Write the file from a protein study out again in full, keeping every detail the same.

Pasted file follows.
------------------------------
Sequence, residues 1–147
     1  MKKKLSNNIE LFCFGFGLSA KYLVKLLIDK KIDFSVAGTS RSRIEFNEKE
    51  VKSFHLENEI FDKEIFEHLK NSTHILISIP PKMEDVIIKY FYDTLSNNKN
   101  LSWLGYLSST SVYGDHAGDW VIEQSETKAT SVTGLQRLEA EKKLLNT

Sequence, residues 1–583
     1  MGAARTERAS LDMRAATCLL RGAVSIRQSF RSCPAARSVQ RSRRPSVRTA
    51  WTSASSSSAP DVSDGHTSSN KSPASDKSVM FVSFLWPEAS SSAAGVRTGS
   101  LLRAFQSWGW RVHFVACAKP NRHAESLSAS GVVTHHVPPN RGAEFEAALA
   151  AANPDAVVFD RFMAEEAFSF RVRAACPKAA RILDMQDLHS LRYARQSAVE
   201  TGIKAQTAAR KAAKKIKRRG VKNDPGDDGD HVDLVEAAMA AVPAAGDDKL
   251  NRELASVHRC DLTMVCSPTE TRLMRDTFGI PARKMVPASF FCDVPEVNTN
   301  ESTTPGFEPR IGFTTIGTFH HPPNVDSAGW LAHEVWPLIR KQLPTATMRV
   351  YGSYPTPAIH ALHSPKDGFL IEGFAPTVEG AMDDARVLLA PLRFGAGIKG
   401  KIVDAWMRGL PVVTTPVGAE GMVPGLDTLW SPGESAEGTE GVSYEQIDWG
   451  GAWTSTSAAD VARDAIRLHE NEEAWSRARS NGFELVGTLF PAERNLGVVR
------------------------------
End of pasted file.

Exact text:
Sequence, residues 1–147
     1  MKKKLSNNIE LFCFGFGLSA KYLVKLLIDK KIDFSVAGTS RSRIEFNEKE
    51  VKSFHLENEI FDKEIFEHLK NSTHILISIP PKMEDVIIKY FYDTLSNNKN
   101  LSWLGYLSST SVYGDHAGDW VIEQSETKAT SVTGLQRLEA EKKLLNT

Sequence, residues 1–583
     1  MGAARTERAS LDMRAATCLL RGAVSIRQSF RSCPAARSVQ RSRRPSVRTA
    51  WTSASSSSAP DVSDGHTSSN KSPASDKSVM FVSFLWPEAS SSAAGVRTGS
   101  LLRAFQSWGW RVHFVACAKP NRHAESLSAS GVVTHHVPPN RGAEFEAALA
   151  AANPDAVVFD RFMAEEAFSF RVRAACPKAA RILDMQDLHS LRYARQSAVE
   201  TGIKAQTAAR KAAKKIKRRG VKNDPGDDGD HVDLVEAAMA AVPAAGDDKL
   251  NRELASVHRC DLTMVCSPTE TRLMRDTFGI PARKMVPASF FCDVPEVNTN
   301  ESTTPGFEPR IGFTTIGTFH HPPNVDSAGW LAHEVWPLIR KQLPTATMRV
   351  YGSYPTPAIH ALHSPKDGFL IEGFAPTVEG AMDDARVLLA PLRFGAGIKG
   401  KIVDAWMRGL PVVTTPVGAE GMVPGLDTLW SPGESAEGTE GVSYEQIDWG
   451  GAWTSTSAAD VARDAIRLHE NEEAWSRARS NGFELVGTLF PAERNLGVVR